In this short problem we investigate the tensions and compressions
in a framework made from springs and ropes.
More Bridge Building
Stage: 5 Challenge Level:
Although this problem is quite open ended, the key objective is for
students to engage with the distribution of tensions and
compressions in a structure as a geometric whole, rather than
focussing on the algebra of a typical calculation. Students should
learn the power of vector methods to understand the mathematical
structure of a problem. Once they develop a feel for the ideas they
should be able to create general statements about structures
without the need for calculation from the onset. This interplay
between geometrical and algebraic arguments is a very important
skill for students to begin to develop.
The ideas covered in this problem extend to more challenging
investigations of real world structures. Great examples are Forth
Bridge in Scotland, the Eiffel Tower and geodesic domes. These can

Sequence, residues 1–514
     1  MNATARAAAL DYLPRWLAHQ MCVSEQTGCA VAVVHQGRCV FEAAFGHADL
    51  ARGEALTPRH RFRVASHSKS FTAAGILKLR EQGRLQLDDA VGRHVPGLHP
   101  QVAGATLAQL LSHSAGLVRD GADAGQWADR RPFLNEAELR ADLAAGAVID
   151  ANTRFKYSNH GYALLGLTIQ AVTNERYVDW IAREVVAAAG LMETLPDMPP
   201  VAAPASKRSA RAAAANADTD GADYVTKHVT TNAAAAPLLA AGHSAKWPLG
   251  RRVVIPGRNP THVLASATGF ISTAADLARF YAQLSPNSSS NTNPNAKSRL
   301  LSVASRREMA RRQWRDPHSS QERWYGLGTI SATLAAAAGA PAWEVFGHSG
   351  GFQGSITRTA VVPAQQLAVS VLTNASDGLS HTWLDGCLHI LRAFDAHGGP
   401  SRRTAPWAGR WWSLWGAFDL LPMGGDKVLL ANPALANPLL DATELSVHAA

be used to stimulate discussion about the forces in real bridges
Questions that you may like to pose are: What structural
similarities do real world structures have? Why do you think that
they share these similarities? Why do you think that the designers
chose these structures? How does changing the structure change the
location of the greatest tensions and compressions? How do you
think the forces are distributed amongst all of these objects? Will
there be any net forces at the joints?
The NRICH Project aims to enrich the mathematical experiences of all learners. To support this aim, members of the
NRICH team work in a wide range of capacities, including providing professional development for teachers wishing to
embed rich mathematical tasks into everyday classroom practice. More information on many of our other activities
can be found here.